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House Speaker Michael E. Busch joined leaders and members of Maryland's largest state employee's union Tuesday in opposing Gov. Larry Hogan's proposed 2 percent across-the-board spending cuts at agencies and the rollback of a pay raise the workers received Jan. 1.

Busch, an Anne Arundel County Democrat, said Hogan was trying to balance his budget "on the backs of state employees."

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"I don't believe ever in the history of this state that someone has seen an increase in their salary and then someone comes on and takes it back," he said. The speaker pointed out that the pay cut, which would take effect July 1, would also affect the workers' benefits and retirement pay.

AFSCME Council 3 President Patrick Moran criticized the Republican governor's approach to budgeting, saying he has failed to distinguish between programs that can absorb the cuts and those that can't.

"Across-the-board cuts are like trimming your finger nails with an ax," he said.

Moran was surrounded with members holding green-and-white signs saying "I Am NOT Waste, Fraud & Abuse."

The signs were a reference to Hogan's statements during last year's campaign that he would rein in state spending with cutting deeply into programs by eliminating waste, fraud and abuse found in state audits.

Among those speaking was Officer Royce O'Baker, a correctional officer at the North Branch prison near Cumberland.

O'Baker, who said he is a Republican. said cuts of the type Hogan has proposed are not what he voted for.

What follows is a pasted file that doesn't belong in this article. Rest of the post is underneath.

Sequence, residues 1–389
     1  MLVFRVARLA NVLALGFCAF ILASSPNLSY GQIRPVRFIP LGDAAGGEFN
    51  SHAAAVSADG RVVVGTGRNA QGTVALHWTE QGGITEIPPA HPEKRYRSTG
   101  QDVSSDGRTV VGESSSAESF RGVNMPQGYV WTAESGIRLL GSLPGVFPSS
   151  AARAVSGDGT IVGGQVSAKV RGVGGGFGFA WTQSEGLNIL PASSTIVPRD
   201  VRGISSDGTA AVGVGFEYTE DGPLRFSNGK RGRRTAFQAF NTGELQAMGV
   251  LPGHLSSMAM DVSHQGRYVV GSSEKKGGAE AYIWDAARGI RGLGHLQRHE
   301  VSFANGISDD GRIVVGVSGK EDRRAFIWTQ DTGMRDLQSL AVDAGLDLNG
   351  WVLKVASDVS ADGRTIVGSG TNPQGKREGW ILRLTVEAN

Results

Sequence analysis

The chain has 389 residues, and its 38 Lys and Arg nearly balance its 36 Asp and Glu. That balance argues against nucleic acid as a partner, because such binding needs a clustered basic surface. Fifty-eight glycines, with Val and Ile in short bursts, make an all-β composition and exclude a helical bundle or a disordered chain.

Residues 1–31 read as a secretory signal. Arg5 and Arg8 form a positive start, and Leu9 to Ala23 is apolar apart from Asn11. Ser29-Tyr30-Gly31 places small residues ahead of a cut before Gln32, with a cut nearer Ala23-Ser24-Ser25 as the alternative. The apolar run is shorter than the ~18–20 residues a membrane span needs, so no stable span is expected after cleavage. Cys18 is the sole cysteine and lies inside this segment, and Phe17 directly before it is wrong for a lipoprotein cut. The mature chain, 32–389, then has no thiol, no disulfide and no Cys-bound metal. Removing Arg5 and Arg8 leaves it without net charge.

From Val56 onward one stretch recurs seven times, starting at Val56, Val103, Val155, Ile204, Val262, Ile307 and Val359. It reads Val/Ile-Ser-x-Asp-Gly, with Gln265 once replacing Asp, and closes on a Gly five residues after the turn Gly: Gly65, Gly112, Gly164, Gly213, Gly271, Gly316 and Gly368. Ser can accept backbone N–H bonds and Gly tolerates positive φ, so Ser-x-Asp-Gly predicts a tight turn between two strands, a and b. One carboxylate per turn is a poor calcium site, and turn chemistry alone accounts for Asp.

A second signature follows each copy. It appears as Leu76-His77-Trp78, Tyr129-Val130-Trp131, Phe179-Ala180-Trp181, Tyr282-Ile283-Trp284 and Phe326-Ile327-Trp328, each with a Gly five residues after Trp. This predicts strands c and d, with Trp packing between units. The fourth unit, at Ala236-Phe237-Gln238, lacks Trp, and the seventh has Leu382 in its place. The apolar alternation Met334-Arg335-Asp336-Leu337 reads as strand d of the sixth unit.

"A 2 percent across-the-board cut means 2 percent less safety," he said.

Busch, who has led the Democratic charge against the Hogan budget's cuts to education and other programs, was joined by House Speaker Pro Tem Adrienne Jones of Baltimore County and Sen. Richard S. Madaleno Jr. of Montgomery County, both Democrats.

Madaleno, vice chairman of the Senate Budget & Taxation Committee, said that over the last 10 years, state workers have absorbed more than $1 billion in sacrifices to help balance the budget.

"At some point it just has to stop," he said.

In a news conference later Tuesday, Hogan called the move to roll back the cost-of-living adjustment as "the most difficult decisiion we had in the entire budget process." He noted that he was facing a $700 million shortfall in next year's budget and was not prepared to raise taxes.

Hogan said the alternative would have been  6,000-10,000 layoffs or 10-12 furlough days. "The choices were not great," he said.

The governor expressed support for what he called hard-working and dedicated state employees.

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"I think they deserve a pay raise. I think they've gone too long without a pay raise," he said.

Hogan's proposed across-the-board cut is a continuation of a decrease initiated by former Gov. Martin O'Malley and approved by the Board of Public Works last month to help close a revenue shortfall in the budget.

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